The Prison in Nineteenth-Century Literature Criticism: Physical Prisons And Prison Authors - Essay

Elissa Deborah Gelfand (essay date 1980-81)

(Nineteenth-Century Literary Criticism)

SOURCE: Gelfand, Elissa Deborah. “Women Prison Authors in France: Twice Criminal.” Modern Language Studies 11, no. 1 (1980-81): 57-63.

[In the following essay, Gelfand compares the writings of women prisoners to the work of canonized male writers such as Villon, Sade, and Wilde, suggesting that the themes and tone of their texts counter the “power-centered” male texts that generally constitute the genre of prison literature.]

The following quotes by some well-known students of prison literature will give an idea of the qualities long expected of and thought inherent to important prison texts:

(Albert Camus): Si l'âme est...

(The entire section is 3067 words.)

Jeremy Tambling (essay date 1986)

(Nineteenth-Century Literary Criticism)

SOURCE: Tambling, Jeremy. “Prison-Bound: Dickens and Foucault.” In Great Expectations, edited by Roger D. Sell, pp. 123-42. New York: St. Martin's Press, 1994.

[In the following essay, republished several times after its first appearance in 1986, Tambling applies French philosopher Michel Foucault's analysis of the Panopticon to Dickens's Great Expectations.]

Great Expectations has been called an analysis of ‘Newgate London’,1 suggesting that the prison is everywhere implicitly dominant in the book, and it has been a commonplace of Dickens criticism, since Edmund Wilson's essay in The Wound and the Bow and Lionel Trilling's introduction...

(The entire section is 8143 words.)

Daniel Barrett (essay date 1993)

(Nineteenth-Century Literary Criticism)

SOURCE: Barrett, Daniel. “It Is Never Too Late to Mend (1865) and Prison Conditions in Nineteenth-Century England.” Theatre Research International 18, no. 1 (1993): 4-15.

[In the following essay, Barrett describes the historical sources for Charles Reade's graphic theatricalization of corporal punishments used on British prisoners. Barrett recounts the audience reaction to the first onstage depiction of the grisly conditions of prisoners, noting that the play (an adaptation of Reade's novel) helped pave the way for the presentation of serious social issues in Victorian drama.]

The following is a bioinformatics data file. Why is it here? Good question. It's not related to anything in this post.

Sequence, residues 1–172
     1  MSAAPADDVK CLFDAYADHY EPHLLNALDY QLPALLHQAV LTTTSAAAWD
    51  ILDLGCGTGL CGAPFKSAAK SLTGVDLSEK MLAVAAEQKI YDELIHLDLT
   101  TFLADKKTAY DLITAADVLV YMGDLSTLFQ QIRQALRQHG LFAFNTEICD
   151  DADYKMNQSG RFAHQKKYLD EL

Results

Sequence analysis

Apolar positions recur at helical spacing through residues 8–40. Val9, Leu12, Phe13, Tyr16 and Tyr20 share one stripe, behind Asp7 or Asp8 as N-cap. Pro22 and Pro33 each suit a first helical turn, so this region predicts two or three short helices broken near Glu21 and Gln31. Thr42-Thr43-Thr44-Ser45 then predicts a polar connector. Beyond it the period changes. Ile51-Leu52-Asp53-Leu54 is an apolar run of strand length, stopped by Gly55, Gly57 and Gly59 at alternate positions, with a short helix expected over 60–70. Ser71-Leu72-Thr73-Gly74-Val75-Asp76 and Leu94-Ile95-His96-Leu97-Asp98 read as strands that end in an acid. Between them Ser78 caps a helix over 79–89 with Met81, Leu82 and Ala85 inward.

The première of It Is Never Too Late to Mend at the Princess's Theatre on...

(The entire section is 7618 words.)

Robert L. Jackson (essay date 1995)

(Nineteenth-Century Literary Criticism)

SOURCE: Jackson, Robert L. “Dostoevsky and Freedom.” New Zealand Slavonic Journal (1995): 1-21.

[In the following essay, Jackson examines Dostoevsky's Notes From a Dead House, his account of imprisonment in Siberia, suggesting that although the novel ostensibly addresses the inhumanity of a physical prison, it also imagines Russia itself as a prison.]

There is a breathtaking moment in Charles Dickens' Christmas Carol when the Spirit of the Ghost of Christmas Yet to Come points to Scrooge's own grave stone. Scrooge anxiously asks: “Before I draw nearer to that stone to which you point, answer me one question. Are these the shadows of the things that...

(The entire section is 8485 words.)

Tim Youngs (essay date 1999)

(Nineteenth-Century Literary Criticism)

SOURCE: Youngs, Tim. “‘A Sonnet out of a Skilly’: Oscar Wilde's ‘The Ballad of Reading Gaol.’” Critical Survey 11, no. 3 (1999): 40-7.

[In the following essay, Youngs analyzes Wilde's poignant poem about a prison execution to highlight the ways in which prison changed the poet and his writings, concluding that the sordid, bestial conditions of prison compelled Wilde to confront realism.]

One remarkable career may have been launched at an institution in Reading (John Lucas's, which this volume honours, at the University), but another reached an inglorious end at a different institution there: Oscar Wilde's in Reading Gaol. Perhaps the arrival of John, a...

(The entire section is 3087 words.)